Community Care Physicians and Capital District Physicians’ Health Plan have joined forces to create a new management services organization with the goal of outsourcing the administrative operations of the group of independent multispecialty providers while maintaining its independence.
The physician-owned medical group employs 420 clinicians in 70 counties in and around Albany, New York, where the two companies are headquartered. The nonprofit insurer covers 400,000 people in 29 northern counties in the group, personal and public sector markets. The partnership is expected to close by the end of the year, subject to approval by state regulators, the companies announced last week.
Community care physicians, who did not respond to interview requests, will remain independent when the management services organization is in place. The medical group will retain contracts with other payers and outsource its revenue cycle, human resources and technology operations to the Capital District Physicians’ Health Plan.
A growing number of providers are looking to integrate their transactions more closely with payers in order to accept more of the risk for patients. Almost 60% of health systems plan to adopt risk-based Medicare Advantage payment models next year, with at least 30% following the community care physician model and partnering with payers to strengthen the ” data integrity, reporting and technological capabilities, depending on poll results the Healthcare Financial Management Association released this month.
Many of these ventures are involved in regional nonprofit insurance companies, said Capital District Physician Health Plan chief executive Dr. John Bennett. Together, the partners will engage in risk-sharing agreements and merge their functions into an integrated system.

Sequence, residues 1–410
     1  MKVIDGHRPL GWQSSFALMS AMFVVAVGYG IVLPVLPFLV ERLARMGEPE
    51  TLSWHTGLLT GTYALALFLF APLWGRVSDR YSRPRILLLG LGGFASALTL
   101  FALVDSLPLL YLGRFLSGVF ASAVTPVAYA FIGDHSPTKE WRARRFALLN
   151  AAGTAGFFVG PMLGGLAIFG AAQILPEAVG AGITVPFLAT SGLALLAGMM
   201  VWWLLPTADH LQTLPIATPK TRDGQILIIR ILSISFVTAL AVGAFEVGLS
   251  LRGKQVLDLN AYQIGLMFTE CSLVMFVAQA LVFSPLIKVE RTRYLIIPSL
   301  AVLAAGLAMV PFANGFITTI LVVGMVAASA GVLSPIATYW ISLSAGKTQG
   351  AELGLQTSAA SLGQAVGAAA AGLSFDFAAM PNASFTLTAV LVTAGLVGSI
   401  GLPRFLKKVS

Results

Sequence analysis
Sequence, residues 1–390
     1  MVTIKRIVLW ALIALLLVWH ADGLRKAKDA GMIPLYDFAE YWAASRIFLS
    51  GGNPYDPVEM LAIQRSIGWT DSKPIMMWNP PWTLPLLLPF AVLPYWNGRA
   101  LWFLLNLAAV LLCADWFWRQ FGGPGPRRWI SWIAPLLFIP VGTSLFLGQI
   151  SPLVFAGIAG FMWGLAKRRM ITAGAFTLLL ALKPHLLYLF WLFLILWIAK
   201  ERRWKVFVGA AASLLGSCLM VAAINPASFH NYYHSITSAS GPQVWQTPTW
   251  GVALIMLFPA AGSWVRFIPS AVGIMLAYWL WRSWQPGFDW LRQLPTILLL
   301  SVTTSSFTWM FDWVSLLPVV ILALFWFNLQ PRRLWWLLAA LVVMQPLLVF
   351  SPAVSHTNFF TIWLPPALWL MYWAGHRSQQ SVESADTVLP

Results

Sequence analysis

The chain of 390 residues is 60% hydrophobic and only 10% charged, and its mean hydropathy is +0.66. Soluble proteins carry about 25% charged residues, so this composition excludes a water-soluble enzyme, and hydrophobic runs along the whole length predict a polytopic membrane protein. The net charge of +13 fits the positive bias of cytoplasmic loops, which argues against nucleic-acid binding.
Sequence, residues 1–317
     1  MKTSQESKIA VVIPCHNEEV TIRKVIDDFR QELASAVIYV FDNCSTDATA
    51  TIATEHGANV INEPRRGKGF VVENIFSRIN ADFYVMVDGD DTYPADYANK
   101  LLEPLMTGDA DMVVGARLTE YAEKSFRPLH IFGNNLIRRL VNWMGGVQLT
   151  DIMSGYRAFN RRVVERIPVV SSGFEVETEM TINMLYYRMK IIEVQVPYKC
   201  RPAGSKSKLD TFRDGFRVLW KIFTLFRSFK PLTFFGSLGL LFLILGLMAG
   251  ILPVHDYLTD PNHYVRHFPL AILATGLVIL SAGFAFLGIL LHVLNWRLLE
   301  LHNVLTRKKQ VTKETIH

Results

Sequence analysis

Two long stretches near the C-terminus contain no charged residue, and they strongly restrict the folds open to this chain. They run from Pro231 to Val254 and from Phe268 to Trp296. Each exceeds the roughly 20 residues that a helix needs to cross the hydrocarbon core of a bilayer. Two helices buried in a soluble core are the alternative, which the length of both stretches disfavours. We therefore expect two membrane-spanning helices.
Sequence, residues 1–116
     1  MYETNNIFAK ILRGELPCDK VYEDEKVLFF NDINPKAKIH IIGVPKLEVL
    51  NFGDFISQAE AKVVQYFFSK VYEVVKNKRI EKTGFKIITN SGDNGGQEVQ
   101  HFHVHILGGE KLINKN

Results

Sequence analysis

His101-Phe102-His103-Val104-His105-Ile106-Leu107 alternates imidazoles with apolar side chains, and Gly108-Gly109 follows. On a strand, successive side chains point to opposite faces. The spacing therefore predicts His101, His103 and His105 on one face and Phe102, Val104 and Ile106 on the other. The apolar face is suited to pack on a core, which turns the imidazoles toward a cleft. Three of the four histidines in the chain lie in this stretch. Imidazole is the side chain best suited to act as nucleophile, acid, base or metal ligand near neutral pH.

“We want to improve the health of our patients and we know this will lead to cost savings,” Bennett said. “But our intention is to allow doctors to be doctors, to let them practice and be with their patients.”
Fewer physicians than ever have their own practices, according to a recent survey by Avalere Health. Many remaining independent physicians are looking for alternatives to business ownership, such as joining nonprofit regional health plans or contracts with physician empowerment startups such as Agilon Health that allow them to ‘Outsource the administrative functions of their businesses,’ said Rick Kes, a healthcare partner at consulting firm RSM.
“A lot of times if you ask the doctors, they’ll say, ‘I think the best option is for us to remain independent and provide the care that these patients have received before without any interruptions. “” Kes said. “Now that there are tools, technologies, and companies that can do this, there is more interest in these physician offices. ”